In conventional (standard) CPP spin valve structures, composite free layers made of CoFe(10%) and NiFe(19%) have been used. Such films are supposedly non magnetostrictive (i.e. the magnetostriction coefficient is around 10−7. For CoFe films, magnetostriction increases with higher Fe composition while for NiFe films, negative magnetostriction is obtained at lower Fe concentrations. The present invention takes advantage of these characteristics by increasing both the percentage of iron in the NiFe portion of this laminate as well as its resistivity, thereby improving the CIP GMR while still maintaining free layer softness and acceptable magnetostriction.
Referring now to
The process begins with the formation of seed layer 11 onto which is deposited pinning layer 12. Layer 12 comprises a suitable antiferromagnetic material such as IrMn and it is deposited to a thickness between 20 and 100 Angstroms. Layer 13 (known as AP2), the first of the two antiparallel layers that will form the synthetic AFM pinned layer, is then deposited onto layer 12. This is followed by layer of AFM coupling material 14 and then AP1 layer is deposited thereon. Next, non-magnetic spacer layer 16 is deposited on AP1 layer 15.
Now follows a key feature of the invention whereby free layer 23 is formed by successive deposition of at least two layers, one of which is CoFe (deposited to a thickness between about 5 and 30 Angstroms) while the other is a ferromagnetic material having a resistivity of at least 35 micro-ohm cm and containing at least 60 atomic percent of iron. It is deposited to a thickness between about 10 and 40 Angstroms. in addition to iron and nickel, this layer of ferromagnetic material may also include one or more additional elements such as B or V, that serve to increase the resistivity. The total thickness of free layer 23 should be between about 15 and 70 Angstroms.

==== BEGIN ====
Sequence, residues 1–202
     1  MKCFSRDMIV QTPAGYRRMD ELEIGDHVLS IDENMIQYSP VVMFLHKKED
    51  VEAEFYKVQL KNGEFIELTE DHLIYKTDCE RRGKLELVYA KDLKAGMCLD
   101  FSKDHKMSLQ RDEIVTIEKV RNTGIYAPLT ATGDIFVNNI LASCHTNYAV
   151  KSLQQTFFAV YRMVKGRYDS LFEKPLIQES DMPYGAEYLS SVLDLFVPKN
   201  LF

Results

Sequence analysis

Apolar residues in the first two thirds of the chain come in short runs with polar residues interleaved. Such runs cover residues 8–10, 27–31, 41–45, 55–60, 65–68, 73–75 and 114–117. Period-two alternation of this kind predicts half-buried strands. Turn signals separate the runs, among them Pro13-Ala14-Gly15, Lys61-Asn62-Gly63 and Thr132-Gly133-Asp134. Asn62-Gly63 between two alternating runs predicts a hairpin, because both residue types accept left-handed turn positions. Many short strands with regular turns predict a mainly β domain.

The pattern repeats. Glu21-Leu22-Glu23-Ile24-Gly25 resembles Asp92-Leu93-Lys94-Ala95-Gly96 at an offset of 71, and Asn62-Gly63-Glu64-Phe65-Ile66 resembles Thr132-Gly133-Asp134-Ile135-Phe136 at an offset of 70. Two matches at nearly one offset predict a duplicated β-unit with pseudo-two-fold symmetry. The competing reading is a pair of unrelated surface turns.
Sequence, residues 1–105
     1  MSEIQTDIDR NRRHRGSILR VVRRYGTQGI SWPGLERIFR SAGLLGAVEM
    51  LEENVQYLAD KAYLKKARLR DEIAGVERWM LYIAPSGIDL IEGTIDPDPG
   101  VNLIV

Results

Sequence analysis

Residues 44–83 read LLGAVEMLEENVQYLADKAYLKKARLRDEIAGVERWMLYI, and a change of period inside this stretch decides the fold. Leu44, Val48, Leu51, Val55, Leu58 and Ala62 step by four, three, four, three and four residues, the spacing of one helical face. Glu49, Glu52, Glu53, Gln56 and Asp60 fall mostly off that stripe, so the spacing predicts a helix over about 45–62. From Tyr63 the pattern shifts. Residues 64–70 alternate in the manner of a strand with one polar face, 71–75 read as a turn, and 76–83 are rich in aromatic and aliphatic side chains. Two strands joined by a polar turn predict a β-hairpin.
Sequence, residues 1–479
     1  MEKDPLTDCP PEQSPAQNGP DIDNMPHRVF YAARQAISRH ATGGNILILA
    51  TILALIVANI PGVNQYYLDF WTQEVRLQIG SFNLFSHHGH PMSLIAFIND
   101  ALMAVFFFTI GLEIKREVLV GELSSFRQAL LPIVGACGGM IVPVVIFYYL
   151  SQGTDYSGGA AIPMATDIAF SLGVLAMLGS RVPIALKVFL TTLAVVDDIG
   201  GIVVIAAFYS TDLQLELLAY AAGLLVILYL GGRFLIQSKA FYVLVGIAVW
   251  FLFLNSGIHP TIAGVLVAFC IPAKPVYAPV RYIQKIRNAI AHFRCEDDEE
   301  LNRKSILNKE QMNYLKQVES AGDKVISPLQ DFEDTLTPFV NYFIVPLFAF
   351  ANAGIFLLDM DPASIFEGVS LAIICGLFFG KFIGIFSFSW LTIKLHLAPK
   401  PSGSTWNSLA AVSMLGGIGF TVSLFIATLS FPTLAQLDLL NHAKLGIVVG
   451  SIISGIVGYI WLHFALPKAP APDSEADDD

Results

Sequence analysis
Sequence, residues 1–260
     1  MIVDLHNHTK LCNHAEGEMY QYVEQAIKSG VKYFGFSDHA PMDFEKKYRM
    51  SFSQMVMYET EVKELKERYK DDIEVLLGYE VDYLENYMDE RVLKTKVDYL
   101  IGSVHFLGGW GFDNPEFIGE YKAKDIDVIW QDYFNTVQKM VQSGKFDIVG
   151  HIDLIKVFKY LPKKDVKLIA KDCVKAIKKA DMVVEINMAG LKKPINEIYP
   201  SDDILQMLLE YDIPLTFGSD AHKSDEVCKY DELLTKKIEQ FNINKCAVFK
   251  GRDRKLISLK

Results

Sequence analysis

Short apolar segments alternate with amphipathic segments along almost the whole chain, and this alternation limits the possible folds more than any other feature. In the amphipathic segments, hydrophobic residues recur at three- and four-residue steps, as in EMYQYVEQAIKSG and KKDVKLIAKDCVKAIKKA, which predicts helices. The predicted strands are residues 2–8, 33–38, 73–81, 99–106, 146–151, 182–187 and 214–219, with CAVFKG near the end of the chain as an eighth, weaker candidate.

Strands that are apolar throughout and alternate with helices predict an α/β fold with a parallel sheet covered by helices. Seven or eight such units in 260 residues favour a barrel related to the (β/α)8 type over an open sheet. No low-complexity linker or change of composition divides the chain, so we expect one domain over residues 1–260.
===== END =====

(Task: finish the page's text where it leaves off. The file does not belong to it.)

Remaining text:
The two layers that make up the free layer are schematically illustrated in
The process concludes with the deposition of capping layer 18 on composite free layer 23, thereby forming the read head. If the process described above was correctly used to form the read head it will be found to have a GMR ratio of at least 14%, a coercivity that less than about 4 Oe, and a magnetostriction constant that less than about 2×10−6.
TABLE I below compares the properties of a conventional (reference) GMR structure with one whose free layer was made according to the teachings of this invention Except for FL2, the other parts of the GMR stack are kept the same. Also we intentionally matched the magnetic moments of the free layers in these two structures for a fair comparison. The number after each named layer is thickness in Angstroms: The basic structure, common to both A and B below, was:
Seed layer\Antiferromagnetic layer\CoFe\Ru\CoFe\Cu\CoFe(FL1)\FL2\Capping layer. In sample A, FL2 is permalloy(Ni80Fe20) while in sample B it is and Fe88Ni32:
It can be seen that, the advantages of the invention structure are:
Manufacture of the invented structure requires only a target of new material to replace the current NiFe target used for GMR stack sputtering and the annealing process can be kept the same. Therefore, there is no change of the current process flow and/or related processes.